It’s National Pizza Day. Just a few weeks ago, the Washington Post ran an article on our complete adoration of the stuff.
1. We eat 100 acres a day of pizza.
2. That translates into 3 billion pizzas a year or….
3. 23 pounds of it for every American.
We love the stuff in our house.
But as I dug into that research, I learned something new.
A new study in the journal Pediatrics finds many pre-packaged kids’ meals contain too much salt. We know better now. This isn’t 1984. So what is up?
The researchers looked at the nutrition content of more than 1,000 infant and toddler foods and drinks.
The not-so-good news, 72% of toddler dinners were high in sodium content. The majority of snacks, desserts and juice drinks for both infants and toddlers were found to be heavy on salt.
So why so much salt in our food?
4. Salt is the cheapest ingredient after water
5. Salt holds water, increasing pack weight
6. Salt masks bad flavors from cheap other inputs.
The American Heart Association has highlighted pizza as a top sodium offender, in their “Salty Six” for Kids. On top of that, according to the CDC, pizza is the #1 sodium source for children/adolescents age 2-19.
So how much salt are they using and how much do we actually need?
Fact is we all need some sodium… but only about 500-600mg/day ( which is just 1/4 teaspoon of salt), but the actual consumption is 7X times that minimum: 3600 mg/day. In other words, we are getting an entire week’s worth of salt every single day.
The researchers recommend parents and caregivers carefully check labels for sodium and added sugar. They say reducing excessive amounts of these ingredients from birth to 24 months can lead to better health for children now and as they grow.
The health impacts of sodium overconsumption go far beyond high blood pressure. Broad health impact: heart attack, stomach cancer, stroke risk, brain function and dementia, osteoporosis and bone fracture.
I used to think that the toppings would be the biggest sources of sodium in a pizza. I was wrong.
7. 90% of all the sodium in typical pizza comes from the crust and cheese.
8. Crust is usually about 50%
9. Cheese 40%.
It makes sense, it’s a preservative, but does cheese really have to be so jacked up on it? And what can we do?
Increased risk of heart disease and stroke are fairly well-known problems from consuming too much sodium… but I never knew that kids were at risk. Pizza is everywhere, and no one wants to be “that mom” who is constantly saying “no.” There are enough eating issues already.
And as if it couldn’t get any worse for kids, the Chicago Tribune just ran an unbelievable article about kids getting kidney stones because of diets too high in fat and sodium. Some hospitals, like the Children’s Hospital of Pittsburgh at UPENN Medical Center have even created special programs to diagnose and treat it. This used to be something that older people got. Not anymore.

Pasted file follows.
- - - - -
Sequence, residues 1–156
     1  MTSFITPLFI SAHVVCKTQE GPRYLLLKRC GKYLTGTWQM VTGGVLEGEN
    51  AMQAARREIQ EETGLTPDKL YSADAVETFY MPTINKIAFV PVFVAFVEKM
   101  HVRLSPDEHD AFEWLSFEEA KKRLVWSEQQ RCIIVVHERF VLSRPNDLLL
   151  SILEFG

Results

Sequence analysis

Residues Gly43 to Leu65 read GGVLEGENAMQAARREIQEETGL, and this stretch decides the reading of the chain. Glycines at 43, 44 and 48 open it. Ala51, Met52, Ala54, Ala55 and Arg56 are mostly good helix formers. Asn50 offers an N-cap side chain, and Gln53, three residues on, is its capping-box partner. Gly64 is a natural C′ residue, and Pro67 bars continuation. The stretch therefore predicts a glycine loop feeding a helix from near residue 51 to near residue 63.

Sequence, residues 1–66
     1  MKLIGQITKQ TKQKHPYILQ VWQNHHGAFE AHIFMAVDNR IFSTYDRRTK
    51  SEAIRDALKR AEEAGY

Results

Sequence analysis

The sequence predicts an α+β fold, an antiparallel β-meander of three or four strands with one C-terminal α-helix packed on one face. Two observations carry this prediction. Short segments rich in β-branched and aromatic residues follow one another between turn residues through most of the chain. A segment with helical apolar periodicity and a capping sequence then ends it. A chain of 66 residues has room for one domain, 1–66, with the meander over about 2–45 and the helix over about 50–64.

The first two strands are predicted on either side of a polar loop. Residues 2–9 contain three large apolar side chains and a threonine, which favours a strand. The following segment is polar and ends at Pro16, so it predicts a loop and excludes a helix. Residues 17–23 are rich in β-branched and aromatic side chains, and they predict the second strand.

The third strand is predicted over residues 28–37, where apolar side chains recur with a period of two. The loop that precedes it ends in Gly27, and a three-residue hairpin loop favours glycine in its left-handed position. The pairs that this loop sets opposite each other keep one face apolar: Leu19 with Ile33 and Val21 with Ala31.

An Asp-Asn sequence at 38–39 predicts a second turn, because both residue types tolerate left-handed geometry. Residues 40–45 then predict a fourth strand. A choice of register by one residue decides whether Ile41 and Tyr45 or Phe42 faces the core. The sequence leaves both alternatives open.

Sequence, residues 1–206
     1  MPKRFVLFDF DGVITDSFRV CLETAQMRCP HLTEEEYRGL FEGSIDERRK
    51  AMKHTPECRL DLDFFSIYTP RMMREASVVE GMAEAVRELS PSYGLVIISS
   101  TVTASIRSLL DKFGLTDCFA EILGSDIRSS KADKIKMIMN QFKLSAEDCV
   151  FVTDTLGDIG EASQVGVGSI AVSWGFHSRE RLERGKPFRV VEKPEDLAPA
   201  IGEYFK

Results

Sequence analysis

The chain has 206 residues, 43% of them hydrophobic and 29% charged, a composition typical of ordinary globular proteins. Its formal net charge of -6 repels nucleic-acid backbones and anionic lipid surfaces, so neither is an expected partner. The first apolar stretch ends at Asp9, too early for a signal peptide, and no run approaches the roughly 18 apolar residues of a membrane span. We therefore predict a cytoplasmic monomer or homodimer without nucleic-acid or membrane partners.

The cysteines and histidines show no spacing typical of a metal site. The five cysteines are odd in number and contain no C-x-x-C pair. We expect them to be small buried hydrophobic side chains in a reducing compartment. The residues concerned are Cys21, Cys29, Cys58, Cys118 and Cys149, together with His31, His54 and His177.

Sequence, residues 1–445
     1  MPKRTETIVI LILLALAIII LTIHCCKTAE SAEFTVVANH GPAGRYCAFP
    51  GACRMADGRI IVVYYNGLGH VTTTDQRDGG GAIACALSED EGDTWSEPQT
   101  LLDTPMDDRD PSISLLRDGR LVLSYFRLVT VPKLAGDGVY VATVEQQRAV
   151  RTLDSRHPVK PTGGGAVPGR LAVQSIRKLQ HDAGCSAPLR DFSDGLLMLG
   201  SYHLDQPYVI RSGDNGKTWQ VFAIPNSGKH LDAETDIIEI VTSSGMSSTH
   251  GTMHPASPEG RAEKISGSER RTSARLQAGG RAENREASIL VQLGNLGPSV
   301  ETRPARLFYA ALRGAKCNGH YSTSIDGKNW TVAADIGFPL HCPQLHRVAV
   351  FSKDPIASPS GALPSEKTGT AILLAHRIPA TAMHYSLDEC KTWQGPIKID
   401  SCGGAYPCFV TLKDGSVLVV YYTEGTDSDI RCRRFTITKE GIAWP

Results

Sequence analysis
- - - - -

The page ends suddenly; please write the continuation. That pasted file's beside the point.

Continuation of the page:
Most kids should only consume 1500-2200 mg of sodium a day, though most are getting well over 3,000. (Source: What we eat in America, National Health and Nutrition Examination Survey, 2009-10, Pediatrics).
I looked at a few of the leading pizza companies out there, like Pizza Hut, Papa Johns, Dominos, and almost all of them had much more sodium in a typical 2-slice meal that maximum recommended by the CDC on a per meal basis (some 2-slices of pizza had more sodium that a child/adolescent or adult should have in a whole day!). Many frozen pizzas and the pizza our kids eat in school that I found data on also has a lot of sodium.
Where does all this lead?
As of 2013, one in six kids age 8-17 has high blood pressure, up from one in twenty just 11 years ago. (Source: Sodium Intake and Blood Pressure Among U.S. Children and Adolescents, Journal Pediatrics, September 17, 2012).
So what can we do? Pizza is everywhere.
I am a big fan of better food. But we also love pizza.
I appreciate the value of innovation and technology to make food we eat healthier. But how are we supposed to do better, if we don’t know any better? Food companies have to come clean. There has never been a better opportunity than now.
A quick look at this chart shows you who the big offenders are in the frozen and fast food categories. Choose wisely if you are eating these brands, or make your own with english muffins, spaghetti sauce and some grated cheese.
We can solve this.
I have been at many industry events and trade shows, seen and tasted some great alternatives to regular salt and the high sodium it contains. Solutions exist so that our food taste great but without doing us harm.
What can you do to take care of your kids? Read labels on packages, ask for nutritional information when you eat out and ‘vote’ with your purchases… for healthier food. Importantly let the management of Domino’s, Pizza Hut, and even Costco know… that you want them to please hold the salt. They are listening. Our kids may only represent 30% of the population, but they are 100% of our future.